“Zimbabwe? Are you sure it’s safe?” In the weeks preceding my visit this question was asked of me time and time again, producing niggling doubts as to this wisdom of travelling to this southern African country.
It was reassuring (and a little surprising) to learn that normally risk-averse United States travellers are Zimbabwe’s most important source of visitors.
The Department of State issues a constant stream of detailed global travel warnings and even mainstream destinations like Kenya and Mexico rank high for potential dangers. Zimbabwe, however, barely receives a mention. Sure, citizens are advised that driving at night should be avoided, but this is due to livestock wandering on the road and not because of the threat of bandits or rogue army units. One’s also cautioned against taking photos of military barracks, but any sensible person would instinctively know that was not a particularly wise thing to do anywhere in the world.
Given Zimbabwe’s reputation, it’s easy to forget that for 20 years following independence in 1980, it was Africa’s most prosperous country and one of the continent’s most popular tourist destinations. With a delightful climate, friendly and well-educated population, advanced infrastructure, beautiful landscape and a superb national park system, Zimbabwe had much going for it.
But only a decade or so ago, Zimbabwe plunged into a state of economic chaos. Most of the largely white-owned commercial farms – once cornerstones of Zimbabwe’s economy, alongside tourism – were violently seized by senior government politicians, army officers and “war veterans” – men who may or may not have actually served in the guerrilla armies over 35 years ago. Cattle were slaughtered and crops went left unharvested, the banking system collapsed, investment dried up, economic sanctions were imposed and the Zimbabwean dollar became worthless, with inflation peaking at 80 billion percent in 2008, wiping out savings and making pensions meaningless. (The Zimbabwean currency was eventually replaced by the US dollar.)
Today, as one drives along the narrow, pot-holed highways, with but rare exceptions only basic subsistence agriculture is in evidence. Here and there stand groups of “rondavels” (traditional circular, thatched-roofed huts) alongside which are patches of maize, the odd cow, donkey and goat. But most of the once rich farmland has returned to bush, land that has long been completely sterile of any wildlife.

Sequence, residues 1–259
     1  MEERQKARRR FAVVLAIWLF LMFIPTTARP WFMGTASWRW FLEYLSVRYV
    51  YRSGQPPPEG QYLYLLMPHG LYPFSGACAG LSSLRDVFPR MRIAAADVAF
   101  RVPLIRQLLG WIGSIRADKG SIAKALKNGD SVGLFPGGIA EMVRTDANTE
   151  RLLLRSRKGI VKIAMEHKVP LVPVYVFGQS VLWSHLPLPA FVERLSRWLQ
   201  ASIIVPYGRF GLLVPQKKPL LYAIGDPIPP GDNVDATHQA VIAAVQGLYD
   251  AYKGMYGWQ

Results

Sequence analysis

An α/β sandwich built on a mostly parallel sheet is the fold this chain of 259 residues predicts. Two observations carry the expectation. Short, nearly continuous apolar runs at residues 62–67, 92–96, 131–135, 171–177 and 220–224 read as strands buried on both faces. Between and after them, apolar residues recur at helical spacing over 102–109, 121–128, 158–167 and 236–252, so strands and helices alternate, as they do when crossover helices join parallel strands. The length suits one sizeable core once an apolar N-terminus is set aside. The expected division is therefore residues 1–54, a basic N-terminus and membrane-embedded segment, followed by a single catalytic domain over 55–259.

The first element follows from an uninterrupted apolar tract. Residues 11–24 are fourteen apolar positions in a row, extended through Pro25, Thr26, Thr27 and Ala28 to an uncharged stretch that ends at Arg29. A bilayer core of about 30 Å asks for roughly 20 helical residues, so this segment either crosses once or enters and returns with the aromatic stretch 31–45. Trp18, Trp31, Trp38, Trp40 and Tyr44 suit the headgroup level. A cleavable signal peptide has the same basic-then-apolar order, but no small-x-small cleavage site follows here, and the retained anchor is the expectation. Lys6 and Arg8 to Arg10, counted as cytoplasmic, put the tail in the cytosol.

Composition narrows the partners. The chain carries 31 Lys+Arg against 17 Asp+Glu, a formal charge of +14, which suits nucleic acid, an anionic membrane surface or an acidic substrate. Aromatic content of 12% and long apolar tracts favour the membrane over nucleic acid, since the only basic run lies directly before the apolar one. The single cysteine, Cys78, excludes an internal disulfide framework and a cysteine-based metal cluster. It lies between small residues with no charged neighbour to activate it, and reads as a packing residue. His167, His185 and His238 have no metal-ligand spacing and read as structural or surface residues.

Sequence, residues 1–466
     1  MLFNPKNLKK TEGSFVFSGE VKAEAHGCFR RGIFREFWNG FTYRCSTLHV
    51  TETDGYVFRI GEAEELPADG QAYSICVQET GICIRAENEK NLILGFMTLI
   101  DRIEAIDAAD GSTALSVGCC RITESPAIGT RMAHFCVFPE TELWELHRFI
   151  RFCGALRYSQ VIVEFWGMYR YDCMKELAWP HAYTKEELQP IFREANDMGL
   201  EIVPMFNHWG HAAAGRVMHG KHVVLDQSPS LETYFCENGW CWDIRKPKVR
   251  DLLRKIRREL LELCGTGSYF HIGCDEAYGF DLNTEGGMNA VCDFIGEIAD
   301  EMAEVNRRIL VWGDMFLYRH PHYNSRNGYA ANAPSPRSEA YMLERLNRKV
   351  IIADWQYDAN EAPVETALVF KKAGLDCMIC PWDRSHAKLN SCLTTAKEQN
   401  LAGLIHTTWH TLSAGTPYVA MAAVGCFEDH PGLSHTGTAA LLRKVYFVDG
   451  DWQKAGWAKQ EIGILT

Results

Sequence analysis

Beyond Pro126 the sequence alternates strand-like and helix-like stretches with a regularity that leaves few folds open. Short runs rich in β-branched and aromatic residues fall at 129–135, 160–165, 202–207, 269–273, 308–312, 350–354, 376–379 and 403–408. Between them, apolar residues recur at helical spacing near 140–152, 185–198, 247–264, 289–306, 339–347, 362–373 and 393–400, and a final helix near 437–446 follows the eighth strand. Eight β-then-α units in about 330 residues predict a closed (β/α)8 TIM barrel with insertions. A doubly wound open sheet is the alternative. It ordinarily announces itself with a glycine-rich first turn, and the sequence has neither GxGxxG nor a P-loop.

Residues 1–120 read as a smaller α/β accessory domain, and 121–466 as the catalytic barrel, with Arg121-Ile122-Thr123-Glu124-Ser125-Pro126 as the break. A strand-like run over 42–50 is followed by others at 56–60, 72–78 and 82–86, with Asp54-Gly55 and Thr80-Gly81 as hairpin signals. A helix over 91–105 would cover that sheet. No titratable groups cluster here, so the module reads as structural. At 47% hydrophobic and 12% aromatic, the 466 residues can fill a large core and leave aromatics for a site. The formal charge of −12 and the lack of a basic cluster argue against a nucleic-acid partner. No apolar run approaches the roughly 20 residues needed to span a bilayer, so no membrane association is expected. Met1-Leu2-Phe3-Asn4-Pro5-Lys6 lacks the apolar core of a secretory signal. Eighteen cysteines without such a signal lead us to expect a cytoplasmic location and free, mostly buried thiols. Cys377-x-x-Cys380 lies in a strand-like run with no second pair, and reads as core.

During the decade of extreme economic crisis, Zimbabwe was pretty well off the tourist map but now visitors are gradually returning. Efforts to revive the industry are being led by both white and black Zimbabweans. White ex-farmers, their sons and daughters, are amongst those who have moved into tourism, reinventing themselves as bush pilots, lodge owners or managers, wildlife guides and even cooks. Sensibly they now stay clear of politics, memories of the white settler regime prior to independence in 1980 and of the high profile involvement of white Zimbabweans in post-independence politics having contributed to the demonisation of the entire community by the government of Robert Mugabe.
Most whites have long abandoned Zimbabwe, booted off their farms or no longer being able to count on jobs that had been either officially or unofficially reserved for them under white settler rule. In their new homes in South Africa, Britain, Australia and elsewhere, these unreconstructed Rhodesians grumble about how their former country has gone to the dogs, refusing to take any responsibility for a nation that was born from the divisions of a vicious war of liberation or accepting that their privileged places in society was entirely based on their whiteness.
Some whites, however, have stayed put, either by choice or force of circumstances, finding ways – often quite successfully – in business or (as is the case of many of the elderly) surviving thanks to remittances sent by family members abroad. Others, after leaving Zimbabwe, have returned, coming “home” with new skills and capital. No one really knows how many white Zimbabweans remain in the country. There may be around 20,000 and 30,000 left (down from a peak of 270,000 in the late 1960s), but many others refuse to entirely burn their bridges, maintaining one foot in Zimbabwe and another elsewhere in Southern Africa.